Saudi Journal of Kidney Diseases and Transplantation

: 2009  |  Volume : 20  |  Issue : 5  |  Page : 835--837

Adult wilms' tumor

Mriganka S Sharma1, Mufiz Z Ahmed2,  
1 Department of General Surgery, GTB Hospital, Dilshad Garden, Delhi, India
2 Department of General Surgery, AMC & Hospital, Dibrugarh, Assam, India

Correspondence Address:
Mriganka S Sharma
C-56/ Z-4 (3rd Floor), Dilshad Garden, Delhi-110095


Adult Wilms«SQ» Tumor (AWT) is a rare entity arising from the metanephric blastema. There are only about 200 cases reported in world literature. The staging of AWT is done in the same way as in children according to the National Wilms«SQ» Tumour Stage Group (NWTSG). Defini­tive treatment plans for AWT are undefined but surgical treatment has the highest priority. There is also consensus on the need for multimodality approach. We report a case of AWT who remains disease free, three years after undergoing multimodality treatment.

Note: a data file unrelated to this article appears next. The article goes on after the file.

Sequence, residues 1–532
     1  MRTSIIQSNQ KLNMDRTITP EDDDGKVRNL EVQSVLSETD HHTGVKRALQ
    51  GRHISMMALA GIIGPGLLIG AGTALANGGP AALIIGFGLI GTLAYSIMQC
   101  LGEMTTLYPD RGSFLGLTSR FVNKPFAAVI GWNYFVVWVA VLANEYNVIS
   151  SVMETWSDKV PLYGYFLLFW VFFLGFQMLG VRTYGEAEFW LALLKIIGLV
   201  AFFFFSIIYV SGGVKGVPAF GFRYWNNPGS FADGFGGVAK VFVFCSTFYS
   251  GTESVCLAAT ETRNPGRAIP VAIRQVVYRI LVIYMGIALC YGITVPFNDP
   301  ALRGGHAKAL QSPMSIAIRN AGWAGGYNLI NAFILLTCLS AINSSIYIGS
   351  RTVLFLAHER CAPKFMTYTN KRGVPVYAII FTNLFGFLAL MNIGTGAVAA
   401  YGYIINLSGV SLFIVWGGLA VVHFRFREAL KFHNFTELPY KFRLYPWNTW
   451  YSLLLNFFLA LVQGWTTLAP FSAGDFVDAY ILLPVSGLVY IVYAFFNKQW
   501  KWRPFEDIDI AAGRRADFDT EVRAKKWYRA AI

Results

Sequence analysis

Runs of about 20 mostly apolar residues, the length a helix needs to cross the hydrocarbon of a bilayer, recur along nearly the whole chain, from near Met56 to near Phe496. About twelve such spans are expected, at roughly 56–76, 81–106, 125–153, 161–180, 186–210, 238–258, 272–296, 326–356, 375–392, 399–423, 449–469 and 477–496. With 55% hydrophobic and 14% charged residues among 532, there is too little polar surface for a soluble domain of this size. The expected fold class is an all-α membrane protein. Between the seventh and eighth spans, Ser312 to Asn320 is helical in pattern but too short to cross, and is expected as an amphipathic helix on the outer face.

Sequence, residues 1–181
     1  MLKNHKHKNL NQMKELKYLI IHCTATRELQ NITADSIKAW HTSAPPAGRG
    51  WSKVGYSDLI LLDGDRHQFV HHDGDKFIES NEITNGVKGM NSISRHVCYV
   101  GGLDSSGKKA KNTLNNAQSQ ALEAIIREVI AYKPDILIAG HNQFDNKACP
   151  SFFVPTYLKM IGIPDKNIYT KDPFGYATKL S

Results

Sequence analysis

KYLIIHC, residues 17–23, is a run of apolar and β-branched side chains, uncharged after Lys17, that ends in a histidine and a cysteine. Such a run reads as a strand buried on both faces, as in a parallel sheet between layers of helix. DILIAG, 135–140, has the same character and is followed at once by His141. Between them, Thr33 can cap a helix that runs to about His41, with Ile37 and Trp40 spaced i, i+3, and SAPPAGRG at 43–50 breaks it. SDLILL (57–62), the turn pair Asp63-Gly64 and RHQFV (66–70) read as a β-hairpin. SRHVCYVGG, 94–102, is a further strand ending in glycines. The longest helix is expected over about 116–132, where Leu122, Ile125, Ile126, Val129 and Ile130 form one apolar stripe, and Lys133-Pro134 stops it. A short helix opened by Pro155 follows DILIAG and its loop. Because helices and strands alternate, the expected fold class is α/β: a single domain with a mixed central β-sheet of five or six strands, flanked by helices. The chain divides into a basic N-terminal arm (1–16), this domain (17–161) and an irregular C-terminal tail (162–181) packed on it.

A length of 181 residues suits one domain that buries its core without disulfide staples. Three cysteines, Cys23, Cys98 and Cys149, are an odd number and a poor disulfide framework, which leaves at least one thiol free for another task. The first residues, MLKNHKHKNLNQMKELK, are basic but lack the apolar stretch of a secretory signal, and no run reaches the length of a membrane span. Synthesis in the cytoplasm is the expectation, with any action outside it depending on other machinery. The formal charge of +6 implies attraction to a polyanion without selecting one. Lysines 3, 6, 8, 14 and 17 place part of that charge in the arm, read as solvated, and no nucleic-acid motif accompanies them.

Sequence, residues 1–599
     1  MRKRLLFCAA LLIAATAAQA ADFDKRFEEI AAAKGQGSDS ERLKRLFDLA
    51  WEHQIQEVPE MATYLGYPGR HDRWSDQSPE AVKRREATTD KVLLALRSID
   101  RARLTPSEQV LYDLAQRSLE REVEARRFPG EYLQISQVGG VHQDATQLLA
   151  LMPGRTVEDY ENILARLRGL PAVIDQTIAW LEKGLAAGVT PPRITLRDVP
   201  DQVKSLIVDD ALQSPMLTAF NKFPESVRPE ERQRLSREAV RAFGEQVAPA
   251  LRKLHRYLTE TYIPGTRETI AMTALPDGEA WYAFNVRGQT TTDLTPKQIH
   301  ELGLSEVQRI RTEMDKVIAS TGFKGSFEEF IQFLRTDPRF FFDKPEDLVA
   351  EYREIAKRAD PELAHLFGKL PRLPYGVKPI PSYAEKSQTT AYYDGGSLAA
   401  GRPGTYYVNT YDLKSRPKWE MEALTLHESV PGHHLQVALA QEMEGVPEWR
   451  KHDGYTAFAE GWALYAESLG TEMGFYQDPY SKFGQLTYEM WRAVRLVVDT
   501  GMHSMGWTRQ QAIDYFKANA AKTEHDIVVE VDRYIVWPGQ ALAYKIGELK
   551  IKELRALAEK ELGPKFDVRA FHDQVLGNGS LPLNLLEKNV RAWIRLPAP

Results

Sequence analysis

How to cite this article:
Sharma MS, Ahmed MZ. Adult wilms' tumor.Saudi J Kidney Dis Transpl 2009;20:835-837

How to cite this URL:
Sharma MS, Ahmed MZ. Adult wilms' tumor. Saudi J Kidney Dis Transpl [serial online] 2009 [cited 2022 Jul 3 ];20:835-837
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Full Text


Wilms' tumor is a malignant embryonic renal neoplasm that is rare in adults. It has an inci­dence of less than 0.2 per million per year. [1] The rarity of the disease, lack of understanding about its biological behaviour and the absence of clear guidelines about its management makes it a clinician's nightmare. Herewith, we report a case of adult Wilms' tu­mor (AWT). The patient was successfully ma­naged with multimodality treatment and re­mains disease free, three years after treatment.

 Case History